• Noncompete Agreements: Written contracts often include noncompetition clauses. A covenant not to compete prevents workers from working for a competitor or starting a new business in direct competition with yours. These clauses must be narrowly crafted so workers can still work in their field.
  • Grounds for Departure or Termination: A written contract limits employees' ability to leave without notice or penalty. Rather than making these clauses punitive, employers may make remaining with the company attractive, such as severance pay after a certain period. You also protect yourself with a clear discipline and termination policy. Laying out and following steps from violation to termination prevents claims of discrimination or wrongful termination.

Employee Contracts: Cons

An employment contract runs both ways. Both the employer and employee have rights and responsibilities under a contract. Once you sign the contract, you are bound by the terms of the agreement until it ends or unless the other party breaches it. You should have your employee contract reviewed by an employment law attorney before signing it or presenting it to a new hire for their signature.

Remember, an employee agreement is a contract. Whatever is not in the contract does not exist if the case goes to court. You can remedy this by ensuring your contract references your employee handbook.

The handbook should contain all company policies not mentioned in the agreement. For instance, if you have a confidentiality clause in the contract, it should state, "See the employee handbook for additional details" and reference the page number. Otherwise, your confidential information is limited to whatever you put in the contract.

Other downsides to having a written contract can include:

  • Limiting Your Ability To Change the Terms of Employment: Once both parties sign the contract, they must agree before any terms change. Although state laws generally allow an employer to terminate an employee during their probationary period, you will not have that luxury after that.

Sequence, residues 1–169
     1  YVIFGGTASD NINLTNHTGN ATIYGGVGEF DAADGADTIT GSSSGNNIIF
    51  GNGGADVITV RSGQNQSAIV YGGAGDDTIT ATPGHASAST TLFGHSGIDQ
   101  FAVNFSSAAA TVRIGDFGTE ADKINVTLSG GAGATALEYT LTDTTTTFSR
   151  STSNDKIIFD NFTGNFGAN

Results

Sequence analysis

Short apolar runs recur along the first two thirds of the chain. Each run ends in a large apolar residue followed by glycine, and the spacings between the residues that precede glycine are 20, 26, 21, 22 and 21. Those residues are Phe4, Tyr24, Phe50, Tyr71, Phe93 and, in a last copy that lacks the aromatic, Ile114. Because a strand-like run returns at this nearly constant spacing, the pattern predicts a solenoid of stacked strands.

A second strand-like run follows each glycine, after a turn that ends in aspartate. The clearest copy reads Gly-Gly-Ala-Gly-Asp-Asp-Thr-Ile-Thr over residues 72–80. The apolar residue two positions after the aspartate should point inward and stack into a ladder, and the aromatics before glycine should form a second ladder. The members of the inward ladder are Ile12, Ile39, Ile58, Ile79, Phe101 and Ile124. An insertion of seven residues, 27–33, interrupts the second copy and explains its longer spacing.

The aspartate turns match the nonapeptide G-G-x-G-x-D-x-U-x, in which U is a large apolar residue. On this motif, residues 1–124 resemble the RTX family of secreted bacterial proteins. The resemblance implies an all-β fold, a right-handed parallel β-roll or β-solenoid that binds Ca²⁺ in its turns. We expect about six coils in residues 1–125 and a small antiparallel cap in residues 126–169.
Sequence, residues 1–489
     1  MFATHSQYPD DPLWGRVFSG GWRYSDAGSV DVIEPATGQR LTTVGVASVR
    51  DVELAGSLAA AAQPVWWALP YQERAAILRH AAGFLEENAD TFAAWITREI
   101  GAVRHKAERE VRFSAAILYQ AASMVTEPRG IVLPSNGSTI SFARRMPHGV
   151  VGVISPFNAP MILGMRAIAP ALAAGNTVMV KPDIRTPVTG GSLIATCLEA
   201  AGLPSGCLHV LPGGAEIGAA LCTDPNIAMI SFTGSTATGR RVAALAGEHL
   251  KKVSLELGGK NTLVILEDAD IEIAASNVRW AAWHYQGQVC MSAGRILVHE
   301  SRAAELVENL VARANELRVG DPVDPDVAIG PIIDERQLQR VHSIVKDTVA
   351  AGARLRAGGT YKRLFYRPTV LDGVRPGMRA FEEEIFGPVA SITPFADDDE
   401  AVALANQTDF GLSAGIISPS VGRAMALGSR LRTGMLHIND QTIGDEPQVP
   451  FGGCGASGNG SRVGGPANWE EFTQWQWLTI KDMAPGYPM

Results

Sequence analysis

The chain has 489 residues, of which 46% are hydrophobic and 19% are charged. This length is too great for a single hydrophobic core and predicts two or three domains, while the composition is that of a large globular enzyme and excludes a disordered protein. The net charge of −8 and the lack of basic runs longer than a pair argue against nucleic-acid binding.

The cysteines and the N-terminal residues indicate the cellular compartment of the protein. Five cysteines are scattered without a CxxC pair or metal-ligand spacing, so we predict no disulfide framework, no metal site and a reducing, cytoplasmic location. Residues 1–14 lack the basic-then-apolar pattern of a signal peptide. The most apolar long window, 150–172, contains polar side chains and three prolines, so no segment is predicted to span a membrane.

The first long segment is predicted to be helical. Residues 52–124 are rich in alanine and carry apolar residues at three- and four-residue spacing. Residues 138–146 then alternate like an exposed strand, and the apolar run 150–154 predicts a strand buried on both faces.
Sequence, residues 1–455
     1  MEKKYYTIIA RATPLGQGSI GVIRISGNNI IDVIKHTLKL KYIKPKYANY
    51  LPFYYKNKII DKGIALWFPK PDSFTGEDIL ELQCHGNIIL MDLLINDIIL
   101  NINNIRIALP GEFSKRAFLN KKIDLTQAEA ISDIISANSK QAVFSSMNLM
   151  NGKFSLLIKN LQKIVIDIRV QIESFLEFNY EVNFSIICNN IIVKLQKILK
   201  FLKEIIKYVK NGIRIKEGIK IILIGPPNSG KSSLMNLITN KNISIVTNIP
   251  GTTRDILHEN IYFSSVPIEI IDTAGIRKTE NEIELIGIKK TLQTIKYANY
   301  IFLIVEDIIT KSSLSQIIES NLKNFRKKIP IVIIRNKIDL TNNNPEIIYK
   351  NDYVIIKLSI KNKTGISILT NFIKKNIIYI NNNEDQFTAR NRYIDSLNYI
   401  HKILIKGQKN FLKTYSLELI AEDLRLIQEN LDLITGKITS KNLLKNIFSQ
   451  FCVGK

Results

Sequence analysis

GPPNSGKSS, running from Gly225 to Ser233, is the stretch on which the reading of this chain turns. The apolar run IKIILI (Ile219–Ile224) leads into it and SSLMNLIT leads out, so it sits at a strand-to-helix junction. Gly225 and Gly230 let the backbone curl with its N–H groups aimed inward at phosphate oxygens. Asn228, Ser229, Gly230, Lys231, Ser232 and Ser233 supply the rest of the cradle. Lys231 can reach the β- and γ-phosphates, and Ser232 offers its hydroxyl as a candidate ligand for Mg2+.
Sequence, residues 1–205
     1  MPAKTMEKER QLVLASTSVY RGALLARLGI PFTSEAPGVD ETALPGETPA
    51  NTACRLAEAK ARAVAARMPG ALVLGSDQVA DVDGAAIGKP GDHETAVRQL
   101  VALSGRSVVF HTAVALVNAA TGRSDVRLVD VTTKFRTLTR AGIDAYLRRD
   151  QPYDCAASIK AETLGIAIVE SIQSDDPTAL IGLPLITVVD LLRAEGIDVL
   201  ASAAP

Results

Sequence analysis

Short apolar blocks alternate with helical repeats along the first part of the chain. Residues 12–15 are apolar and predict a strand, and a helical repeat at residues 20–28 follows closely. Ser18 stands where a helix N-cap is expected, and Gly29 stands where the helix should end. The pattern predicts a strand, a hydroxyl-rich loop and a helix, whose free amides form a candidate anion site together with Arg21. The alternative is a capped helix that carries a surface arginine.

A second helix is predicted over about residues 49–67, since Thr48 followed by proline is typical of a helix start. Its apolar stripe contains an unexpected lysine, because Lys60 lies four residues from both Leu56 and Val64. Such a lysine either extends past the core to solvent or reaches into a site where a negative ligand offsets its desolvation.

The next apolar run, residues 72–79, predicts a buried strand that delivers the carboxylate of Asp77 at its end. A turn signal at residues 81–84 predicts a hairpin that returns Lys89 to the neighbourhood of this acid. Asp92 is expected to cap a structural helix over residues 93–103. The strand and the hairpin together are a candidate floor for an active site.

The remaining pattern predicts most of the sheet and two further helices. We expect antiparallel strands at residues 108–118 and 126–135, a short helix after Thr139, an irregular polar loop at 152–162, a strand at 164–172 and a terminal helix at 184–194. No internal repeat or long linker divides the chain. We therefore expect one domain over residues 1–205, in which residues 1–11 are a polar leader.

• Contract Terms Must Be Perfect: Unless you know your employee contract template is flawless, you should have an employment law attorney review it before your employees sign. That can be expensive.

Independent Contractor Agreement

The rise of remote work has led to more small businesses using freelancers and independent contractors for part-time work or full-time projects with a set end date. If you decide this is a good idea for your business, keep a few things in mind.

  • Independent contractors are not employees. Misclassifying a contractor when they are an employee can land you in trouble with the IRS. An independent contractor is taxed differently and falls under a separate category in labor law guidelines.
  • Your agreement will differ in the amount of control you have over the contractor. The IRS guidelines focus on the control the employer has over the worker's hours of work, benefits, pay, and many other factors.
  • If you place too many restrictions on when and how the contractor does their work, they may become employees, even if you did not intend it.

Get Some Legal Advice

A well-written employment contract is a benefit to small business owners, but it can be risky. Before writing any employment contract or other employment agreement, contact a local employment law attorney to review your contract needs.